Thanks for joining me on this “Badge Transformation” edition of “Gettin’ a li’l psycho on tyres” I hope you will join me tomorrow for a look at a Lamborghini Jarama. Don’t forget to come back now !

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Nice Door Handles – Morris Marina ADO 28

With the merger of Jaguar with British Motor Corporation in 1966 the new merger was renamed British Motor Holdings and after a further merger with Leyland commercial vehicles the corporation became known as British Leyland Motor Corporation in 1968. British Leyland as it was known decided that the Austin and Morris brands should be differentiated in the early 1970’s with Austin vehicles being based around the front wheel drive (FWD) concept pioneered by Ales Issignosis with models like the Mini, 1100 and 1800 series vehicles while Morris vehicles would be more traditional with front engines driving rear axles (RWD) as they had on the Morris Minor and Morris Oxford models.

Morris Marina, Bristol Classic Car Show, Shepton Mallet

The design of the Marina coded ADO 28 was started by Roy Haynes who’s CV included the design of the popular Mk II Ford Cortina, however a disagreement over a common floor pan to share between models as espoused by Roy led to him quitting and Triumph Designer Harry Webster finishing the job by which time the intended Macpherson strut front suspension had been abandoned in favour of Morris Minor style tortion bars and a new gearbox design was abandoned in favour of an existing item from the Triumph parts bin.

Morris Marina, Atwell Wilson Museum, Calne

All in all the development costs of the conservative RWD concept Marina ended up exceeding those of the more radical FWD Allegro which was developed to be Austin’s competitor in the small family car market. Production facilities at Cowley had to be upgraded which included some comedy as an overpass was built so that the motors could be sent from a plant on the opposite side of a municipal road to the assembly plant, no sooner had the overpass been completed than the municipality offered to sell the road which British Leyland did not think twice to accept.

Morris Marina, Qwara, Malta

On a positive note the AMC Ambassador inspired vertical hinged door handles were a huge hit with Lotus founder Colin Chapman who specified them for use on the Lotus Elite, Eclat and Esprit models, Marina door handles were also adopted by Scimitar for the GTE shooting break while British Leyland used the same handles on the Triumph TR7/TR8, Austin Allegro and they eventually even found their way, finished in matt black, onto the Land Rover Discovery Series I.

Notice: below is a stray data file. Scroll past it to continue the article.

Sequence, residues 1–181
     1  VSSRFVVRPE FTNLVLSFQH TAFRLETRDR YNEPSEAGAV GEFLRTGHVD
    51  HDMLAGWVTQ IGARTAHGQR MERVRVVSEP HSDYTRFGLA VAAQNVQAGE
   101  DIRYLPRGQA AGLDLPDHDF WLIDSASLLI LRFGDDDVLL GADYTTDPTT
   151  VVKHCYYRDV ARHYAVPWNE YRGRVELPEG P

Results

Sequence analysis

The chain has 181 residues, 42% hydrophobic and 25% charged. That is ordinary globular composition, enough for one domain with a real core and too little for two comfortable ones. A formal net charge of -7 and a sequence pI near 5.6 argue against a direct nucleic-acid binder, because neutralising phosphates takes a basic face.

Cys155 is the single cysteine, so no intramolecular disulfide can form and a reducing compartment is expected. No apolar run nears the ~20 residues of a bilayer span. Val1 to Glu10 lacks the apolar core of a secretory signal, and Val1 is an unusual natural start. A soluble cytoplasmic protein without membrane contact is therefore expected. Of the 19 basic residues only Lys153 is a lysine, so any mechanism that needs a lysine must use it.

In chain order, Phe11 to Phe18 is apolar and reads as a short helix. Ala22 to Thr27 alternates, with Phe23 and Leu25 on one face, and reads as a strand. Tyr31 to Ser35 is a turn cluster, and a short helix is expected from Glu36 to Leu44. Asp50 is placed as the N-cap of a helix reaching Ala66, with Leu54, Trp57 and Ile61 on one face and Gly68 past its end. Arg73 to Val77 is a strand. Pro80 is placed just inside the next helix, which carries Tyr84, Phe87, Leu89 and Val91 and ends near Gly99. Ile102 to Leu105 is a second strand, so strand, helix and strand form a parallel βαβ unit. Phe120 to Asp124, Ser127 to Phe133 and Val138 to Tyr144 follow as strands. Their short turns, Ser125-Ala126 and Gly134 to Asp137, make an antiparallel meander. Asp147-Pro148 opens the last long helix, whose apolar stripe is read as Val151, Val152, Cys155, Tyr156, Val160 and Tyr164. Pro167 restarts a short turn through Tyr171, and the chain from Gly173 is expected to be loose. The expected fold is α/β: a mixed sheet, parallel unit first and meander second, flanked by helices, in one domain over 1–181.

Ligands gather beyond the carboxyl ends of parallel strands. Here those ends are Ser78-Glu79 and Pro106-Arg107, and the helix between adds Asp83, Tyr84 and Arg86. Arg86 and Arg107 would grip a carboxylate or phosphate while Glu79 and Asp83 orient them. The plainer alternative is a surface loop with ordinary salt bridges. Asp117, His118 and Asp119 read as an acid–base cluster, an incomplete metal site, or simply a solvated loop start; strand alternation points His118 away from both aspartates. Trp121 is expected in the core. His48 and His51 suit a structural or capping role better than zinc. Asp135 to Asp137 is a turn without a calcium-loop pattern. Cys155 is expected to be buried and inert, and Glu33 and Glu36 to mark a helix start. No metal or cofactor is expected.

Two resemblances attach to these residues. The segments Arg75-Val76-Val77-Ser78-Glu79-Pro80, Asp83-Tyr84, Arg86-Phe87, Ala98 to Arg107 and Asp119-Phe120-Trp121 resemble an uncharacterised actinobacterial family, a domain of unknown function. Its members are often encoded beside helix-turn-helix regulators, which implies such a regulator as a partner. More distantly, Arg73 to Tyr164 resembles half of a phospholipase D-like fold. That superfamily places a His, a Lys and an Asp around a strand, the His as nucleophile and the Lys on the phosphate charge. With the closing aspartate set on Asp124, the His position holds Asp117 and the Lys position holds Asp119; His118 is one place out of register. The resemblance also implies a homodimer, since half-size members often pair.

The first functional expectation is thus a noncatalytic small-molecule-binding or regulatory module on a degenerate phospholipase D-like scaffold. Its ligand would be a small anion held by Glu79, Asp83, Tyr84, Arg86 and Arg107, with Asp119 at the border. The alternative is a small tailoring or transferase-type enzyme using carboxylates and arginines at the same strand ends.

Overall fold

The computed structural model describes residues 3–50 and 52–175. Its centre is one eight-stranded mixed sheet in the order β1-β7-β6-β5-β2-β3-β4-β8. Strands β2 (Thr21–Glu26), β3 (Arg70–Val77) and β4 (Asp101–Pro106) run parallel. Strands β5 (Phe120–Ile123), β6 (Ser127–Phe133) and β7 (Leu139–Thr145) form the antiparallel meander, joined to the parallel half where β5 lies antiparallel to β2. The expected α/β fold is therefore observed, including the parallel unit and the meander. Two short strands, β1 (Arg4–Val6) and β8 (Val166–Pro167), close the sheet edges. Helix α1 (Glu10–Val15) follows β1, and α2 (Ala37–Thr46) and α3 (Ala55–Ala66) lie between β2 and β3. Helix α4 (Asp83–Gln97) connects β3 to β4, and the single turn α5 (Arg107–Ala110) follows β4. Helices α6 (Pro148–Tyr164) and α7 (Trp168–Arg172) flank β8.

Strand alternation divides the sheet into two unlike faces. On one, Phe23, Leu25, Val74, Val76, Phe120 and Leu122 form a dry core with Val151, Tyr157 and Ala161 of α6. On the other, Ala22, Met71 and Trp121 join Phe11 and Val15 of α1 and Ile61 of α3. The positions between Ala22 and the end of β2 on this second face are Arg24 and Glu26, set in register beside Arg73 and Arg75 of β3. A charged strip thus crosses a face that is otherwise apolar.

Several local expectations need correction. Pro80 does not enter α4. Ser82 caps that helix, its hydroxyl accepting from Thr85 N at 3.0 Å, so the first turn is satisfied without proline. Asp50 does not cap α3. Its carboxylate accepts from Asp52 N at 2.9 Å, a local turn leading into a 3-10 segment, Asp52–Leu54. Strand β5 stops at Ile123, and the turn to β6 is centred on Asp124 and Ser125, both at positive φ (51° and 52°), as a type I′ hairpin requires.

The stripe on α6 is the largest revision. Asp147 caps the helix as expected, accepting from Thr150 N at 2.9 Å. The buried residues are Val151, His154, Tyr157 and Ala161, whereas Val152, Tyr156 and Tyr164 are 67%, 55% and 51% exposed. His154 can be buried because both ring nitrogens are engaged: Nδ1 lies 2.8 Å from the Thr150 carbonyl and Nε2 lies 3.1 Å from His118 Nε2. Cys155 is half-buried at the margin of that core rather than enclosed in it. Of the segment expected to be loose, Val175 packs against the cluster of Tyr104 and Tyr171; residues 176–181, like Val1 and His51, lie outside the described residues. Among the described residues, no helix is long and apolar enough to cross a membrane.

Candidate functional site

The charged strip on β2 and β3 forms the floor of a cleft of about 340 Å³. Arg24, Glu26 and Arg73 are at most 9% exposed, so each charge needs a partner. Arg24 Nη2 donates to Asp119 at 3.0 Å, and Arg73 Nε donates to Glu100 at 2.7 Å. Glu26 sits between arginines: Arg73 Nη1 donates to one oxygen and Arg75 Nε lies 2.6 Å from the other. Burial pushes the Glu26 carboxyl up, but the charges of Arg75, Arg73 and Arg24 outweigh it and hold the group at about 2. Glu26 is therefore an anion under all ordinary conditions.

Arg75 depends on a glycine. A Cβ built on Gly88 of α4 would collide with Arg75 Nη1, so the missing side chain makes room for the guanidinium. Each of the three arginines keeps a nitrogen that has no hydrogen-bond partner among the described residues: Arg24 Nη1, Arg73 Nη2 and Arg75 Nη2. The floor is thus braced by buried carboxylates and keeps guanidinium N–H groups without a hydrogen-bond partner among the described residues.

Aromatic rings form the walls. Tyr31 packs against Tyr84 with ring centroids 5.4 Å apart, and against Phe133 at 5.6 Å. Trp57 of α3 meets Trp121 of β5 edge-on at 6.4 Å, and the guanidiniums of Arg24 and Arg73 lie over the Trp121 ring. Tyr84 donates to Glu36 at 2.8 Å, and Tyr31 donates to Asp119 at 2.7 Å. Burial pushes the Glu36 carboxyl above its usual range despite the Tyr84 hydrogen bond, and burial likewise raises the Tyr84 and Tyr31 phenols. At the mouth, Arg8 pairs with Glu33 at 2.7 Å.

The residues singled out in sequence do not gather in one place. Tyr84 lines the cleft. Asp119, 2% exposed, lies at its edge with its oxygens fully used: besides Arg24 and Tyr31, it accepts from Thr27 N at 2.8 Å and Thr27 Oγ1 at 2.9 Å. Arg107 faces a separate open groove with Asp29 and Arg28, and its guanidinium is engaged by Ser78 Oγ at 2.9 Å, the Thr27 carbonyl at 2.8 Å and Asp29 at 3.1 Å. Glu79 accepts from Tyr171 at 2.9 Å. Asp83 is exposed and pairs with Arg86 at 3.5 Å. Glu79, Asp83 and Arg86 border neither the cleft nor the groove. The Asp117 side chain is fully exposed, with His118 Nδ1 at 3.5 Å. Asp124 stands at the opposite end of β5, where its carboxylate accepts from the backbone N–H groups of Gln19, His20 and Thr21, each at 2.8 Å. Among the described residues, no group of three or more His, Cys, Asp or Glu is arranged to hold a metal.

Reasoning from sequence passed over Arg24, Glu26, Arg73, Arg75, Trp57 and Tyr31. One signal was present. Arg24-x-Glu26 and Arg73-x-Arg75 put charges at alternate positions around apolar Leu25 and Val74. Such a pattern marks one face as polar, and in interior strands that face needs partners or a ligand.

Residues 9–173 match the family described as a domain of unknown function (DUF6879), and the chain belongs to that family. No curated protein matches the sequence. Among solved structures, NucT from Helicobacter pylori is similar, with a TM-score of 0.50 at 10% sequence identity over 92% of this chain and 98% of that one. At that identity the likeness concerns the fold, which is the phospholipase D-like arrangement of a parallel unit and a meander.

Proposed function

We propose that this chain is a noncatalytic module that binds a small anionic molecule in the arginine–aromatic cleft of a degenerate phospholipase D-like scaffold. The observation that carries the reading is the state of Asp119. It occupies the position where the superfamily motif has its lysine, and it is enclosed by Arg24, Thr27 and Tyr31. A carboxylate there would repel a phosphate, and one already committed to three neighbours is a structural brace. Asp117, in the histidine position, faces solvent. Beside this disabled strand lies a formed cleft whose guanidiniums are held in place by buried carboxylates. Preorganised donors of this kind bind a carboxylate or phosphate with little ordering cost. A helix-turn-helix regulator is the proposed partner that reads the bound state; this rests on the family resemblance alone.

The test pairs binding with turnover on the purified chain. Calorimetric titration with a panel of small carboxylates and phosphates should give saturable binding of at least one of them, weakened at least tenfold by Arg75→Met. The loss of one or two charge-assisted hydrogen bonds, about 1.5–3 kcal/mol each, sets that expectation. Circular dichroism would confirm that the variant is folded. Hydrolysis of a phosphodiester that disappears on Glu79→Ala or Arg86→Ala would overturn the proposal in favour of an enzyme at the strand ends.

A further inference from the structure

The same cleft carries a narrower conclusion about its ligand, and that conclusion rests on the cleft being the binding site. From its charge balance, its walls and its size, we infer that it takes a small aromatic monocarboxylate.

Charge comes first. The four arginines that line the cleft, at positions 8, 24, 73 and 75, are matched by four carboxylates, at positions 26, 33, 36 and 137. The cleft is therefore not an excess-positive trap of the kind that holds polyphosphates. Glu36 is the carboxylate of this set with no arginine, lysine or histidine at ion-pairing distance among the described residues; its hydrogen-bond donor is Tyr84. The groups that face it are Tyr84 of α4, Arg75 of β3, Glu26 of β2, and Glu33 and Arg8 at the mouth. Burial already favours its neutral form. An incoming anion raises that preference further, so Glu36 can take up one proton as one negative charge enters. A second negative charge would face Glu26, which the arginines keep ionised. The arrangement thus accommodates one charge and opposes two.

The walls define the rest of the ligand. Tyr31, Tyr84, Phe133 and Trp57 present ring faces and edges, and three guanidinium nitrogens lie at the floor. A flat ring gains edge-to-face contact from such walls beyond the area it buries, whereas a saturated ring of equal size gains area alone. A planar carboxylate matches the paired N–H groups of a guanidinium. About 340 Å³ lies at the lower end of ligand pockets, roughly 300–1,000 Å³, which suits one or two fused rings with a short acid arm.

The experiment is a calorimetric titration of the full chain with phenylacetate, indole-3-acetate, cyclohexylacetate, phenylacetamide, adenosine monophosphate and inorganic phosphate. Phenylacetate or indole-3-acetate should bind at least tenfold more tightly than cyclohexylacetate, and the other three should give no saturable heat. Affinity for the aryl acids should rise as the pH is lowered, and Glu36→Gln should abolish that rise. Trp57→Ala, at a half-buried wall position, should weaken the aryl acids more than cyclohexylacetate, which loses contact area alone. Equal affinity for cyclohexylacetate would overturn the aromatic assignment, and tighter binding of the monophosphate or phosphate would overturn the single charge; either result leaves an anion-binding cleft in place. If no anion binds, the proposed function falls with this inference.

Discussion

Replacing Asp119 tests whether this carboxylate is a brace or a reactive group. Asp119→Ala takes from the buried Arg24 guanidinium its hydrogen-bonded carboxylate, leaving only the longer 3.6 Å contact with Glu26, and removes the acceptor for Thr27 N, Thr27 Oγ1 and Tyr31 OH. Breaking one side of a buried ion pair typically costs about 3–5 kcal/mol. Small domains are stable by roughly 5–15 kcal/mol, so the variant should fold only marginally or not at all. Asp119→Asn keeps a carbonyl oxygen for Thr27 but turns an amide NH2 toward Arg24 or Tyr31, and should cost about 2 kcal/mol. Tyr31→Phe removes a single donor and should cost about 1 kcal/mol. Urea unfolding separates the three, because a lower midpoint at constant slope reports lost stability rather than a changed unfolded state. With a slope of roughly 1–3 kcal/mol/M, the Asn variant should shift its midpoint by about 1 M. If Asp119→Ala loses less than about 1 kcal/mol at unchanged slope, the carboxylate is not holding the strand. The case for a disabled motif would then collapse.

Morris Marina, Cotswolds Classic Car Club, Frogsmill, Andoversford

Marina cars were powered by a variety of motors most common of which for the UK market was a 57 hp 4 cylinder A series which did not do much for performance but kept the handling within safer limits than the heavier more powerful motors which promoted lane changing understeer / push which induced the odd brown trousers moment for some Marina pilots.

Morris Marina, Cotswolds Classic Car Club, Frogsmill, Andoversford

The Marinas seen here are in order top to bottom a ’72 Coupé at the Bristol Classic Car Show, Shepton Mallet, ’74 Twin Carburettor saloon sedan at the Atwell Wilson Museum, a Maltese 1500 saloon / sedan with after market alloy wheels and waist trim in Qwara, a ’79 Estate and ’72 Coupé both at the Cotswolds Classic Car Club meeting held at Frogsmill, Andoversford and below a saloon / sedan with an unusually straight rear bumper seen at last years Classics at the Castle, Sherborne.

Morris Marina, Classics at the Castle, Sherborne

Although much derided for almost every detail apart from the door handles the undemanding early 70’s British public lapped up Marina’s painted in tepid colours like Russet Brown, Harvest Gold, and Limeflower Green for the car to peak at second in the sales charts behind the Ford Cortina in 1973 and remain in the top 3 or 4 until 1980. Eventually over 897,000 Marina’s were sold in the UK of which 745 are thought to remain on British roads.

Thanks for joining me on this “Nice Door Handles” edition of “Gettin’ a li’l psycho on tyres” I hope you will join me again tomorrow. Don’t forget to come back now !